Many of these prior art systems use blocks or structures that are relatively small and that are stacked or placed side-by-side for the purpose of dissipating wave energy. The problem with such small structures is that they are only used where the water interfaces with the shoreline and thus, are of little value in deeper water to break the wave action which pounds at beaches and shorelines. Many of these smaller structures can be moved by very heavy wave action that occurs, for example, during storms such as hurricanes. It is known that hurricanes can greatly erode a shoreline in a matter of a few days when huge wave surges pound at the shoreline and when water levels rise several feet in what is commonly called a tidal surge.

SUMMARY OF THE PRESENT INVENTION

The present invention solves the problem of coastal erosion by providing a very effective barrier to wave action so that waves can be dissipated even during storms, such as hurricanes, where wave action becomes intense. The present invention provides a method of coastal erosion control that includes the steps of transporting a plurality of massive hollow yet transportable reinforced concrete blocks to a coastal site where erosion is to be controlled. The massive blocks are arranged in an array that extends along the erosion site so that the blocks can dissipate wave action. The hollow blocks are filled with refuse material until each block has a massive weight of at least 25 tons. The blocks are then sealed after the fill material refuse is added so that wave action cannot scatter the fill during heavy seas.

Typically the fill material will be sand, water, mud, clay, reef shell or discarded chunks of concrete, large blocks of stone, and/or gravel. In the preferred embodiment, the blocks are generally rectangular having upper and lower flattened surface areas so that the blocks can be stacked. In one embodiment, the block array can be stacked vertically and can extend horizontally so that the array can be used to form jetties in deeper water.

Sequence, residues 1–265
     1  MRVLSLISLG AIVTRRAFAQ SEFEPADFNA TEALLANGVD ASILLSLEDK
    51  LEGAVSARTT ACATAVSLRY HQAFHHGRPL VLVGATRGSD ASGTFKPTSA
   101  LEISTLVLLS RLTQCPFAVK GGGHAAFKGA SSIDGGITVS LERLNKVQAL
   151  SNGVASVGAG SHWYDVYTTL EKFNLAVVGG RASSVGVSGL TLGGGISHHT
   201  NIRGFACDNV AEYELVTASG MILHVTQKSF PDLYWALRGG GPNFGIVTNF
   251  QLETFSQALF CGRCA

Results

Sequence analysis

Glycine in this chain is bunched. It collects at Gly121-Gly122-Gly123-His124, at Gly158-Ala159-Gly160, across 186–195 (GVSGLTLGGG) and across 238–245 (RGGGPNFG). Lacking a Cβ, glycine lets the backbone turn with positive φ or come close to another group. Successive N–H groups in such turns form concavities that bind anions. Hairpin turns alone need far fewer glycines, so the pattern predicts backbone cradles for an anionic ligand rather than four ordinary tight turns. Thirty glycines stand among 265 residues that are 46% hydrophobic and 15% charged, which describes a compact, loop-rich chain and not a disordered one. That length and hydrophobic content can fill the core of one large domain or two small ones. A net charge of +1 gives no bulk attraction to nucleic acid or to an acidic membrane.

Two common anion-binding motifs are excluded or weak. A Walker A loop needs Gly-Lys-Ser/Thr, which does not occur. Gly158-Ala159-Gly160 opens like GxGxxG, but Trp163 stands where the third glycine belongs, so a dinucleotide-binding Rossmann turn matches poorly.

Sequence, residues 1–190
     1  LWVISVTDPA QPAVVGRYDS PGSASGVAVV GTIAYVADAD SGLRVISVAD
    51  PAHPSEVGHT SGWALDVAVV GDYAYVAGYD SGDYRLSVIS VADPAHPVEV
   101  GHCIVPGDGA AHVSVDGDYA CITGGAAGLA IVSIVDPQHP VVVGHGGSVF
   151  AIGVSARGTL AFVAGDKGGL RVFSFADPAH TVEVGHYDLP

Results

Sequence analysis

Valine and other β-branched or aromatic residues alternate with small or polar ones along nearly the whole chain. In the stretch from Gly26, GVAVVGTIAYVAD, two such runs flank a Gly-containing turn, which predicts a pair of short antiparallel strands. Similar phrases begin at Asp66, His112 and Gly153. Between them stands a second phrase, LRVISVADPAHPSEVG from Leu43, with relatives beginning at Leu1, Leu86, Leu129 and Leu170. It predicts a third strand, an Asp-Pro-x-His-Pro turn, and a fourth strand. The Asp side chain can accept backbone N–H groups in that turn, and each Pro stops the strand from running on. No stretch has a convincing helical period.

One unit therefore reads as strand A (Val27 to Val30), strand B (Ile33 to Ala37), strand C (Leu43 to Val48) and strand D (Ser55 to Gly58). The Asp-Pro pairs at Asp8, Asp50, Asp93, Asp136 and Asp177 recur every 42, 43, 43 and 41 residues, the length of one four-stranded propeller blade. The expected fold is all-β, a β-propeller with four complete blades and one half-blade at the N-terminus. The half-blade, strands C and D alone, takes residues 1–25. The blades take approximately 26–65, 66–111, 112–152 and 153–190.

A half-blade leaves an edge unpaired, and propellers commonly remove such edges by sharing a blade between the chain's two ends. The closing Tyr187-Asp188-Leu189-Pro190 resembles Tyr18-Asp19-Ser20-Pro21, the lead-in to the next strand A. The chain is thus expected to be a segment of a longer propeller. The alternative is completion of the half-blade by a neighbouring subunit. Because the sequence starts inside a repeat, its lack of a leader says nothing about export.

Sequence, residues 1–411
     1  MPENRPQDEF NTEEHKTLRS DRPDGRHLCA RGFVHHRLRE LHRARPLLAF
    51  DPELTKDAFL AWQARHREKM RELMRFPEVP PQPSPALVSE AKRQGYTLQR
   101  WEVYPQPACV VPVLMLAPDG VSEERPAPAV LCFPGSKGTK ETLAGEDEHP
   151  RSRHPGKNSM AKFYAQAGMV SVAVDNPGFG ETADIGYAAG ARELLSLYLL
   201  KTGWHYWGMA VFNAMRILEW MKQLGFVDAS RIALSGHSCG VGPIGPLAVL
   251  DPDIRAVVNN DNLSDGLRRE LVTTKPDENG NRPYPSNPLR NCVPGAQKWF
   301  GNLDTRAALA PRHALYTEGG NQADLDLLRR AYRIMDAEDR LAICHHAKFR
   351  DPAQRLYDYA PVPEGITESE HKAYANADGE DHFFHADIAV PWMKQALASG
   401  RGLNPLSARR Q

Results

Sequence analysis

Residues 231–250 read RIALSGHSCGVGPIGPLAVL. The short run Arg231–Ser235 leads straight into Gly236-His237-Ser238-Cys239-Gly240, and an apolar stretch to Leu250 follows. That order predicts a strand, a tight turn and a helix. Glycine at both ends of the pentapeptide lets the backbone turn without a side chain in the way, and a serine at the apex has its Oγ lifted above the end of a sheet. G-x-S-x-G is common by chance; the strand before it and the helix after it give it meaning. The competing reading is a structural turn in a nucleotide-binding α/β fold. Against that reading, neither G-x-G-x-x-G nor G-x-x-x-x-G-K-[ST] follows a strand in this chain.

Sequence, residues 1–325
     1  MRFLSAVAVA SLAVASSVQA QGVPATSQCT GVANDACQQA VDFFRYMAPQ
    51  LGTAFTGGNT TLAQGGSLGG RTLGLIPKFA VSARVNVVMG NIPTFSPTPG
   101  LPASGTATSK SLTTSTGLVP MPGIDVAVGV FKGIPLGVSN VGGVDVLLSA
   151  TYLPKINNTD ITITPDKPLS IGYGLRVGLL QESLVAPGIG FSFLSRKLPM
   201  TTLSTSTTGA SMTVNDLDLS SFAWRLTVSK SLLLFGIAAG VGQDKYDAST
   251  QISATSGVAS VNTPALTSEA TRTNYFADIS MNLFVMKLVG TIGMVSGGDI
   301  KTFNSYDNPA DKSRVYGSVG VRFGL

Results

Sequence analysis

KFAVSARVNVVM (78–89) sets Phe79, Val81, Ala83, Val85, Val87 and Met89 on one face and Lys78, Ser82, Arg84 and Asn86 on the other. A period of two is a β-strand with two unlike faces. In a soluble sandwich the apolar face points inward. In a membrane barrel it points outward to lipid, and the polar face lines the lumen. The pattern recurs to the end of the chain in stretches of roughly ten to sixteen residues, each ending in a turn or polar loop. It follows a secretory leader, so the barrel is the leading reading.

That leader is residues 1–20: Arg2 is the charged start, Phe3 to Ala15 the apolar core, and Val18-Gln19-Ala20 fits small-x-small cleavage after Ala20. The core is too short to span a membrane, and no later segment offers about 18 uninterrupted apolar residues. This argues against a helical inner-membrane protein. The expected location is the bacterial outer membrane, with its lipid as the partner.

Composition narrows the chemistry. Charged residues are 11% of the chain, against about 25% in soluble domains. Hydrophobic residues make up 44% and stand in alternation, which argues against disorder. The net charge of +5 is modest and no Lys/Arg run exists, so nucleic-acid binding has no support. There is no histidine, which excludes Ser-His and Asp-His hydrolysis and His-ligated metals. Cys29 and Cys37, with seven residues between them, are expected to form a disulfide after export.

In the preferred embodiment, the blocks are spaced apart a distance so that some water flow can pass between the blocks.

The massive reinforced concrete blocks are preferably hollow having exemplary dimensions of fourteen feet (14') long, eight feet (8') wide, and minimal six feet (6') tall, with a concrete wall thickness of approximately twelve inches (12") minimum. The walls are preferably reinforced with number four (No. 4) diameter steel reinforcing rods spaced twelve inches (12") on center in both directions, and each block is fitted with a plurality of lifting eyes so that the massive blocks can be transported from barges, for example, to the particular site where erosion is to be controlled.

The sea block solution is to place the sea blocks at strategic locations where erosion is taking place. These blocks are arranged in shallow or deep water and arranged in rows or stacked in order to barricade the action of the sea against the shore.

Inside the block, the hollow interior can be sealed using a plastic liner, having a thickness, for example, of twelve mils (0.012") so that any compacted fill material could be sealed within the plastic liner. It should be understood, that the refuse or waste material would normally be material that would be suitable from an environmental standpoint so that there would be no danger to the surrounding environment if one of the blocks should crack allowing sea water to communicate with the interior of the sea block.